The LIZZIE BIGELOW. Image from History of Shipbuilding on the North River, by L.Vernon Briggs.

By Caleb Estabrooks, Hanover

Fox Hill is located in present day Norwell where the Barque Hill/Brigantine Circle neighborhood can be found.  Today it is difficult to identify the hills that dominated the landscape, but during the colonial and early federalist era; when the area was deforested and before the bulldozers had leveled the land for the building of homes and roads, Fox Hill and Sunset Hill were its defining features. At the foot of the easterly slope of Fox Hill there is an area where the ground is fairly level at the river’s edge. Upriver from here the bank rises at nearly 45 degrees and downriver the bank is edged by over 100 yards of the grassy marsh that borders the vast majority of the North River.

According to L. Vernon Briggs’ book History of Shipbuilding on the North River, this small patch of level ground at the foot of Fox Hill attracted the eye of shipwrights as early as 1690. Such a large number of ship builders worked this yard over the years that it became impossible to label this yard as “Waterman’s”, “Barstow’s”, “Copeland’s”, “Turner’s” or any other family name, so it is referred to by its geographical location.

John Palmer and Nathaniel Church most likely built ships at Fox Hill starting in 1690. We have no details of the ships built here during the colonial era; either the records were never well made or perhaps lost to time or taken by the British during their evacuation of Boston (much of the early ship registry data that could have been used for research was lost in this manner).  Through his tedious research, L. Vernon Briggs recorded names and descriptions of 51 vessels built at Fox Hill between 1802 and 1869. These vessels were mostly schooners and brigs but a few barks (barques) and ships as well. 13 of the ships (about 25%) built at Fox Hill were used in the whaling industry.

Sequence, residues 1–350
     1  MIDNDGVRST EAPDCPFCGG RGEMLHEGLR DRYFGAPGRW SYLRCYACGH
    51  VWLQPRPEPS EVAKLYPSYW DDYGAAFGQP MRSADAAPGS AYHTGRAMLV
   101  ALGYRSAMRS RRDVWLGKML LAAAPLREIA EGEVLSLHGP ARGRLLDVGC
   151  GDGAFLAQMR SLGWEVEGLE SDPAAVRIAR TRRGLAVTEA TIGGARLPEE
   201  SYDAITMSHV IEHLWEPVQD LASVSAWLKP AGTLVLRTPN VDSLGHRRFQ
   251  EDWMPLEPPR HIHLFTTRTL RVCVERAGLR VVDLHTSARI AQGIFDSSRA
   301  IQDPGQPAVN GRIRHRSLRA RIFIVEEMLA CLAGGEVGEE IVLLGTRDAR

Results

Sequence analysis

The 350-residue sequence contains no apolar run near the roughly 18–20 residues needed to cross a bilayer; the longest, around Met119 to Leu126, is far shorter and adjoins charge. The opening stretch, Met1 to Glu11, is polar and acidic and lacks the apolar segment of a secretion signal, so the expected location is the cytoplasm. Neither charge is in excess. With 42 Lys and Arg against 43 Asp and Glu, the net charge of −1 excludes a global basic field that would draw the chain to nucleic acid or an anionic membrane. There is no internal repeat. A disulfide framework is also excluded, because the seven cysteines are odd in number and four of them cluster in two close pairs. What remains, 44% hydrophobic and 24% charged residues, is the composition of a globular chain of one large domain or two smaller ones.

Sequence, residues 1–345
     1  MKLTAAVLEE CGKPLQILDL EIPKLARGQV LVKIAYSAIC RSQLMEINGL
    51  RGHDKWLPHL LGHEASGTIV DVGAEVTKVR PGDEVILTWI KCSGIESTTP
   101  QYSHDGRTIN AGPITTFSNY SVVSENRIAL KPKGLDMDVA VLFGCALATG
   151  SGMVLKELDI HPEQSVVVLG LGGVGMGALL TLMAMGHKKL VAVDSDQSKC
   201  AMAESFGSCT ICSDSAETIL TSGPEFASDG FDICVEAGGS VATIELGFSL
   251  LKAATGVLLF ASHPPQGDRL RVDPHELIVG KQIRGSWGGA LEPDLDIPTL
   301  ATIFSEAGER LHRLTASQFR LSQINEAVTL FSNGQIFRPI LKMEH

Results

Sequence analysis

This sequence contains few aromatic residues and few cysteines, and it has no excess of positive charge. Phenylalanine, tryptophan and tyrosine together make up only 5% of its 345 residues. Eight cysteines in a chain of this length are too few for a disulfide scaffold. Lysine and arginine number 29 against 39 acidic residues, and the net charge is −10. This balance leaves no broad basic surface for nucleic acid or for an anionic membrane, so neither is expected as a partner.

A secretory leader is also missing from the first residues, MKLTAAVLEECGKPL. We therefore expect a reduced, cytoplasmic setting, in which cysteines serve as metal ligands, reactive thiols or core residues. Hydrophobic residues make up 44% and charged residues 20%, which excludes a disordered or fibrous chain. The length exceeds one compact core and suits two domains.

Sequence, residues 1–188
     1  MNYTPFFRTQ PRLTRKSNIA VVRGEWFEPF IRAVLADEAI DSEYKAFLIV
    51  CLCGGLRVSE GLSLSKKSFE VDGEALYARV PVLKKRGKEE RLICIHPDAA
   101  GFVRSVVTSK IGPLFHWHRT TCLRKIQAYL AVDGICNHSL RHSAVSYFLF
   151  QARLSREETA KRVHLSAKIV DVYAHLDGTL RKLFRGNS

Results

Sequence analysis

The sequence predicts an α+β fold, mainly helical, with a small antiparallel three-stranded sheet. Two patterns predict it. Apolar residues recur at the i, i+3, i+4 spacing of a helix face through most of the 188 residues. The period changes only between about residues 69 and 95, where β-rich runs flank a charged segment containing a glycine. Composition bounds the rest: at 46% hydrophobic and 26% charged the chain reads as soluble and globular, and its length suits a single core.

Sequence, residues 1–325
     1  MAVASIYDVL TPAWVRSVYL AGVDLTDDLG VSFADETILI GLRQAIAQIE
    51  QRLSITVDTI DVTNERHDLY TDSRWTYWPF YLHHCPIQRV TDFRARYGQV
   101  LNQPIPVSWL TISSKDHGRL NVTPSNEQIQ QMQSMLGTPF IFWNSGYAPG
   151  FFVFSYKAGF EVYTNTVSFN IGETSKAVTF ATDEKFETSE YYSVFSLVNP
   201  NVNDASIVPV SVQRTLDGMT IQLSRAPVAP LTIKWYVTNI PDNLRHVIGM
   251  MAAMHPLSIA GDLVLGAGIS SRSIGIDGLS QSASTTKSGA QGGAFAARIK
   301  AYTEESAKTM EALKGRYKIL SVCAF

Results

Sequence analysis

The LIZZIE BIGELOW is a good example of the ships built at Fox Hill. Built in 1868, she was a 150 ton Hermaphrodite Brig used for whaling and trading until she foundered at sea in 1885 (all hands survived). A Hermaphrodite Brig is a two masted vessel with the foremast both square rigged like a brig and aft rigged like a schooner. The main mast, which is the rearmost mast, is aft rigged. This style rigging gave excellent performance on all points of sail. Brigs, schooners, barks and ships are other types riggings used on the vessels built at Fox Hill.

What I find most interesting about this shipyard is that she was going strong at the tail end of the North River shipbuilding era. During the last decade (1859-1869) of activity at the Fox Hill shipyard there was scarcely a year without a ship on the stocks… 11 ships were built here during this time, all of them by the firm created by Capt. Elijah Barstow and Thomas B. Waterman.  Chittenden Yard (also in current day Norwell) is credited with producing the last great sailing vessel on the North River, however, of the last 12 ships built on the North River, nine of them were launched at Fox Hill. The shipyards of Hanover and Pembroke, both within one mile of Fox Hill, ceased  production before the end of the 1840s, but Fox Hill was often launching two ships per year at this point. Perhaps this was a more favorable yard at the time, so the remaining shipbuilding was consolidated there. Or maybe the builders in Hanover and Pembroke retired or moved on at this time (many went to Medford, Boston, Buzzards Bay or Maine). Whatever the reason, Fox Hill shipyard was a busy place right up until 1869 when the last ship was launched here: the 191 ton schooner HOPE ON.

The HOPE ON was built on the account of Barstow and Waterman, who were not able to find a buyer for this ship until 1871. The firm lost money on this speculation, which would explain why this was the last ship built by the firm and the last ship launched at Fox Hill. This vessel sailed out of New Bedford until 1883 when she was sold to new owners in Chile. According to L.V. Briggs, the HOPE ON was still sailing out of Chile when he published his book on North River shipbuilding in 1889, a final testament to the high quality of the vessels produced at the Fox Hill shipyard.